Stock market turns lower as bond yields continue upward march

Stocks and bonds sold off on Thursday after Federal Reserve Chairman Jerome Powell underwhelmed markets by refraining from pushing back more forcefully against the recent spike in Treasury yields.

The S&P 500 briefly erased its advance for 2021 and closed at the lowest level in about five weeks.

The S&P 500 closed the session down 1.3%, to 3,768, after dropping 2.5% earlier in the day.

The Dow Jones industrial average fell 345.95 points, or 1.1%, to 30,924. At one point, the blue-chip benchmark dropped more than 700 points.

The Nasdaq composite decreased 2.1%, to 12,723, as growth stocks declined amid rising rates.

Benchmark 10-year bond rates topped 1.5%, and the dollar climbed. The tech-heavy Nasdaq 100 extended its decline from a February peak to almost 10%, and the Russell 2000 of small caps slid 2.8%. A wave of Reddit users appeared to rush back into GameStop, with the video game retailer soaring.

Powell said in an online event Thursday that he’d be “concerned” by disorderly markets, but he stopped short of offering steps to curb heightened volatility. The surge in Treasury yields has triggered fears about elevated stock valuations after a torrid equity rally from the depths of the pandemic.

While bulls have decided to view the jump in rates as a sign of economic strength that could lift corporate profits, there’s been mounting concern over a potential pickup in consumer prices. For Bleakley Advisory Group’s Peter Boockvar, the Fed has put itself in a “tough situation.”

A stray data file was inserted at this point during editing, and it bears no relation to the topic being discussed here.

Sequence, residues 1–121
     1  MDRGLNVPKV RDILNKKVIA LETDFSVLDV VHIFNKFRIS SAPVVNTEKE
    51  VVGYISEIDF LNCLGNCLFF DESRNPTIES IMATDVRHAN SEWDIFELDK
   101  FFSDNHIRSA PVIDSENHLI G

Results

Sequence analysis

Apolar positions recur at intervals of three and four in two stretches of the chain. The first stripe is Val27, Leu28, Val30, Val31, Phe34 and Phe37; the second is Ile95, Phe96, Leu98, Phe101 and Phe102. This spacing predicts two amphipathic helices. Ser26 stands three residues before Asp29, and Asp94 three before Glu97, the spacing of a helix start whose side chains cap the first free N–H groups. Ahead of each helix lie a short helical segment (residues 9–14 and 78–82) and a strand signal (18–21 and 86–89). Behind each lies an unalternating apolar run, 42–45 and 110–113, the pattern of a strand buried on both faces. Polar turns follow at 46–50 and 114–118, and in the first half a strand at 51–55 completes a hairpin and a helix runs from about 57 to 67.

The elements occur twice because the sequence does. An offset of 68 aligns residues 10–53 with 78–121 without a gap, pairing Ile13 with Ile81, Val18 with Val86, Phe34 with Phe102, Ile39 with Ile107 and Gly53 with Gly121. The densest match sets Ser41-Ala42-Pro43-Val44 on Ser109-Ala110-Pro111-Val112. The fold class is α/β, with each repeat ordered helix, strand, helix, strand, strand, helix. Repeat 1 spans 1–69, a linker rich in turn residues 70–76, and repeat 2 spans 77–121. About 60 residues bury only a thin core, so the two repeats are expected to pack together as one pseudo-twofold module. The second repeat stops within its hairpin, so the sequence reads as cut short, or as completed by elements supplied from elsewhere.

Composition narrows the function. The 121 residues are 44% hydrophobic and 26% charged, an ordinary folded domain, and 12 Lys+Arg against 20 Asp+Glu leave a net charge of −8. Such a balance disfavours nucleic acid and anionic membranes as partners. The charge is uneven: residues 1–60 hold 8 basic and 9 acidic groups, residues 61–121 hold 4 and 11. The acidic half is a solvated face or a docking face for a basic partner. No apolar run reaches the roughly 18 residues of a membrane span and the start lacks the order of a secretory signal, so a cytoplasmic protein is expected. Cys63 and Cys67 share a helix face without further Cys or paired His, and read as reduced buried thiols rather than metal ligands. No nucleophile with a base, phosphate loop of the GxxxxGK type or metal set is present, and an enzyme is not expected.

“We are again seeing a market that is taking control of monetary policy from the Fed,” said Boockvar, the firm’s chief investment officer. “Long rates are rising right now because Powell is again very dovish. The more dovish they get in the face of market expectations of higher inflation, the more financial tightening we’ll see.”

Despite the lingering uncertainties about the impacts of rising bond yields, such fears are “misplaced,” according to Candice Bangsund, portfolio manager of global asset allocation at Fiera Capital.

“As long as the backup in bond yields reflects stronger growth expectations (versus tighter monetary policy), then the long-term bull market will not be at risk,” she said. “The latest normalization in bond yields should be viewed as an encouraging sign that growth is healing, while the prospect for a hawkish turn from the Federal Reserve is clearly not in the cards today.”

Elsewhere, bitcoin’s appeal as a hedge against inflation was put to the test, with the largest cryptocurrency slumping along with other risk assets. Oil surged after the OPEC+ alliance surprised traders with its decision to keep output unchanged, signaling a tighter crude market in the months ahead.

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